SAN Fabric for the Next Generation

There’s a quiet revolution going on in large data centers.  It’s not as visible or flashy as virtualization or deduplication, but at least equal in important.

As its name implies, SAN “fabric” is a dedicated network that allows servers, storage arrays, backup & recovery systems, replication devices, and other equipment to pass data between systems.  Traditionally this has been comprised of 4Gbps Fibre Channel and 1Gbps Ethernet channels.  However, a new family of 8Gbps and 16Gbps Fibre Channel, 6Gbps and 12Gbps SAS, and 10Gbps Ethernet are quietly replacing legacy fabric with links capable of 2 – 4 times the performance.

The following is a comparison of the maximum throughput rates of various SAN fabric links:

A comparison of available SAN channel speeds.

Performance ranges from the relatively outdated 1Gbps channel (Ethernet or FC) capable of supporting data transfers of up to 100 MB per second, to 16Gbps Fibre Channel capable of handling 1940 MB per second.  Since all are capable of full duplex (bi-directional) operations, the sustainable throughput rate is actually twice the speed indicated in the chart.  If these blazing new speeds are still insufficient, 10Gbps Ethernet, 12Gbps SAS, and 16Gbps Fibre Channel can be “trunked” – bundled together to produce an aggregate bandwidth equal to the number of individual channels tied together.  (For example, eight 16Gbps FC channels can be bundled to create a 128Gbps “trunk”.)

In addition to high channel speeds, 10Gbps Ethernet and 16Gbps Fibre Channel both implement a 64b/66b encoding scheme, rather than the 8b/10b encoding scheme used by lower performance channels.  The encoding process improves the quality of the data transmission, but at a cost.  An 8b/10b encoding process decreases available bandwidth by 20%, while 64b/66b encoding only reduces bandwidth by 3.03%.  This significantly increases data transfer efficiency.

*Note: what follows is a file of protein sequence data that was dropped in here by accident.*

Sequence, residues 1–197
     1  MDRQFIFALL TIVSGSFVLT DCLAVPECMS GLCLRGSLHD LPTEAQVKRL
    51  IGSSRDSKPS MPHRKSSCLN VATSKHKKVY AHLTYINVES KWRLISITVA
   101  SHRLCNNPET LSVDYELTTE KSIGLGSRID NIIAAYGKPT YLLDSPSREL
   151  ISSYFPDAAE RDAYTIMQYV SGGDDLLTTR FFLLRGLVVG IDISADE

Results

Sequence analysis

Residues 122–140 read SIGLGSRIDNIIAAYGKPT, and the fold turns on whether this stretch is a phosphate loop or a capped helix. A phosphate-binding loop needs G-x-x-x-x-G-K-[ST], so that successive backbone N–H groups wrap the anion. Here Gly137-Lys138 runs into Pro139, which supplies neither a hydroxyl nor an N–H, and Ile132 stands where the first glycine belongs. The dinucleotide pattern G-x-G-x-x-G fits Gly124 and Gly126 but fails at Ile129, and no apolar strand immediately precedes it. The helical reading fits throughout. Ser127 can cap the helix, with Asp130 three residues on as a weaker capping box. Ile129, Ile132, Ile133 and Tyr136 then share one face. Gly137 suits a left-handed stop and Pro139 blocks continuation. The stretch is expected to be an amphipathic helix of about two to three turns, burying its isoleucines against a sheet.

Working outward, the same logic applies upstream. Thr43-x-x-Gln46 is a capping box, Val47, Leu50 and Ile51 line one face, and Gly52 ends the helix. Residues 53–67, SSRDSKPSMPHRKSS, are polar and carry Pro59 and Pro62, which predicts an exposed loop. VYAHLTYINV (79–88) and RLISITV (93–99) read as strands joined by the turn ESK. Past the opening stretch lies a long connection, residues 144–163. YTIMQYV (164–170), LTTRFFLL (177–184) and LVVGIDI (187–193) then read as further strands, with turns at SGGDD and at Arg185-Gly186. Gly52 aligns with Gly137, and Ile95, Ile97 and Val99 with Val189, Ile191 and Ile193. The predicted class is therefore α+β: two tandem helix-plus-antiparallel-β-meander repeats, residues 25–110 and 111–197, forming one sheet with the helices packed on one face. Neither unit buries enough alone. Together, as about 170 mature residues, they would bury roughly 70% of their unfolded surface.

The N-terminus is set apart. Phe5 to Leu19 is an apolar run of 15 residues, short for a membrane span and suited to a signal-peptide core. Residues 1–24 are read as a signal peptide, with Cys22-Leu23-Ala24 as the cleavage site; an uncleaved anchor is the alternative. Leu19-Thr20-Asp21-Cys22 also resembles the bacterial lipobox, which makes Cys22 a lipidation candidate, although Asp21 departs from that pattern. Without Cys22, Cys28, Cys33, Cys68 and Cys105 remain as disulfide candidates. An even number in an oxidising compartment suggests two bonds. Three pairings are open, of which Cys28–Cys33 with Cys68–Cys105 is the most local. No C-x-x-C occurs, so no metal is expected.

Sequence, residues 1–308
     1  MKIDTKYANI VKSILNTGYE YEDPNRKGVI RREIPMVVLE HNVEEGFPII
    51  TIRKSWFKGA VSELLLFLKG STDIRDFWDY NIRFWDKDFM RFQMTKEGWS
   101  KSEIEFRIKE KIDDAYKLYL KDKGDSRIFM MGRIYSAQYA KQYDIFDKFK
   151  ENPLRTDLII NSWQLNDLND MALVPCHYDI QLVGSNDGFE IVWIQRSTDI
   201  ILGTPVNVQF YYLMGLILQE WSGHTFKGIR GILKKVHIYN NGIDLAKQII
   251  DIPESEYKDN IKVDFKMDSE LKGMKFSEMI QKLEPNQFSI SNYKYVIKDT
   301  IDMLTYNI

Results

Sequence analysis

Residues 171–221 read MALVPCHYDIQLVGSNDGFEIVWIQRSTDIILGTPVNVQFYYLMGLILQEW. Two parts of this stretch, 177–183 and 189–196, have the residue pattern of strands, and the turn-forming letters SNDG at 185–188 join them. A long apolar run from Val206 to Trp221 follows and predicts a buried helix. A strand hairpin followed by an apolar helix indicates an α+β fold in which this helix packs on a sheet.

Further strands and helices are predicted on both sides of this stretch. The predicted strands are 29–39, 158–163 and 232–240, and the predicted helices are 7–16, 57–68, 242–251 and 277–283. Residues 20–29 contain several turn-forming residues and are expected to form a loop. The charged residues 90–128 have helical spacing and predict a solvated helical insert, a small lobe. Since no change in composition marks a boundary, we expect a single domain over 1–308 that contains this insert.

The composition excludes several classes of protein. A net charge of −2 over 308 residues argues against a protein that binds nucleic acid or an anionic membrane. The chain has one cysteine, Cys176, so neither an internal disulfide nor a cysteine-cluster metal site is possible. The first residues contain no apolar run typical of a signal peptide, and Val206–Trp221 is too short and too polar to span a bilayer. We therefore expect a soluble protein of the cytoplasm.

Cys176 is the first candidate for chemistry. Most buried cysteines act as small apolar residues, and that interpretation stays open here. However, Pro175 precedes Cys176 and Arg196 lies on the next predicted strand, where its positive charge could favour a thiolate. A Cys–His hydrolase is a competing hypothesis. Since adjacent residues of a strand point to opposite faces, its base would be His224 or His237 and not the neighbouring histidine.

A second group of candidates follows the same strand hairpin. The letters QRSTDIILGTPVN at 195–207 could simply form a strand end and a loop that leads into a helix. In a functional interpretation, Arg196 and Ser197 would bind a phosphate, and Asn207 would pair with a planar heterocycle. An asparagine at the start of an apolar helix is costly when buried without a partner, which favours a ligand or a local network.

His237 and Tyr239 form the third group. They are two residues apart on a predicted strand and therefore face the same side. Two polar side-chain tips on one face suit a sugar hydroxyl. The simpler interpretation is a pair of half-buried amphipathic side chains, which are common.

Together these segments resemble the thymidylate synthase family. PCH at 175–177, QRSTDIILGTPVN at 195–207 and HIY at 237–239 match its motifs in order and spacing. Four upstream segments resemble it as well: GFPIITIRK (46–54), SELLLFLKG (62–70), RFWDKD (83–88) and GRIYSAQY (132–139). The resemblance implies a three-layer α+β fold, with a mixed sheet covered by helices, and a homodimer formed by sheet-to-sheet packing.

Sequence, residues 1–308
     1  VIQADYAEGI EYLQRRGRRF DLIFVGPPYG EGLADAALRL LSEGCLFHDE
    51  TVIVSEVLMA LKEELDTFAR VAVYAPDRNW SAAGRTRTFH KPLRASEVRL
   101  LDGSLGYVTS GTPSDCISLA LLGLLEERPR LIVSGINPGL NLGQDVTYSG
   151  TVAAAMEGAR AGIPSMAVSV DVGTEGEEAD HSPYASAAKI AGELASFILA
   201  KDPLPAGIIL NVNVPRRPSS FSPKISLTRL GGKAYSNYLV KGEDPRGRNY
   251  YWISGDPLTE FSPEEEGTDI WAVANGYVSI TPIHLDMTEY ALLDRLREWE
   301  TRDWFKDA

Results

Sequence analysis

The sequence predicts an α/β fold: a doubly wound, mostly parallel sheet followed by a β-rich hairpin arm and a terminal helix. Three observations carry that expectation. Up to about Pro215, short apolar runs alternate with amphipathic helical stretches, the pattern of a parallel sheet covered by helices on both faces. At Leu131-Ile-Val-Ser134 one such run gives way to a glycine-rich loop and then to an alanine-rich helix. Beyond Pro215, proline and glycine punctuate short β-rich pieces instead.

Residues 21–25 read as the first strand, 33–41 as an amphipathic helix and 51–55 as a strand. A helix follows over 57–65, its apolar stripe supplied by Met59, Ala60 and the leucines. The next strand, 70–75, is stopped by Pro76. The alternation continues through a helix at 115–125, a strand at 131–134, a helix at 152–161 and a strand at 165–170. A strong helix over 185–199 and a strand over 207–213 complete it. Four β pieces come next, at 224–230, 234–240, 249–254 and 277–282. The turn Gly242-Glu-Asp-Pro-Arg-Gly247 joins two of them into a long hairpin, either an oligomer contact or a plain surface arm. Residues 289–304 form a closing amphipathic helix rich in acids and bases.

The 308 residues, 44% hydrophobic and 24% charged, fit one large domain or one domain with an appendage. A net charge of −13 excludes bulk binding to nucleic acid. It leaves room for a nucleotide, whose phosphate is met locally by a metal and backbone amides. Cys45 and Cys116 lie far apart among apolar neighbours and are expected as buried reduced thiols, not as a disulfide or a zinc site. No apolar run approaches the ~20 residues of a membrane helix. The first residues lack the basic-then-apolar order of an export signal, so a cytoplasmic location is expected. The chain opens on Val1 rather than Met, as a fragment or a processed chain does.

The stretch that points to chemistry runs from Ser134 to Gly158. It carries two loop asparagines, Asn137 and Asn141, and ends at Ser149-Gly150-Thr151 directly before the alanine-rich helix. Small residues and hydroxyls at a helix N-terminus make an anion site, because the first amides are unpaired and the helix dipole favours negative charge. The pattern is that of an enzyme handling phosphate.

While 8/16Gbps Fibre Channel and 10Gbps Ethernet are changing the game at the front-end, SAS is revolutionizing the back-end disk drive connections as well.  For over a decade, enterprise-grade disks had 2Gbps or 4Gbps ports, and were attached to a Fiber Channel Arbitrated Loop (FC-AL).  Like any technologies using loop technology, low traffic enjoyed maximum speed but performance dropped off as demand increased.  Under heavy load conditions, the back-end bus could become a bottle-neck.

SAS will change that for two reasons.  First it uses switched technology, so every device attached to the controller “owns” 100% of the bus bandwidth.  The latency “dog leg pattern” found on busy FC-AL busses is eliminated.  Secondly current SAS drives are shipping with 6Gbps ports, which are 50% faster than 4Gbps Fibre Channel.  Just over the horizon are 12Gbps SAS speeds that will offer a 300% increase in bandwidth to the disks, and do it over switched (isolated) channels.

Recent improvements in fabric performance will support emerging SSD technology, and allow SANs to gracefully scale to support storage arrays staggering under a growth rate of 40% – 50% per year.

About Big Data Challenges

Mr. Randy Cochran is a Senior Storage Architect at Data Center Enhancements Inc.. He has over 42-years of experience as an IT professional, with specific expertise in large and complex SAN/NAS/DAS storage architectures. He is recoginzed as a Subject Matter Expert in the enterprise storage field. For the past five years his primary focus has been on addressing the operational requirements and challenges presented by petabyte-level storage.

Posted on July 2, 2012, in Storage and tagged , , , , , , , , , , , , , , . Bookmark the permalink. 3 Comments.

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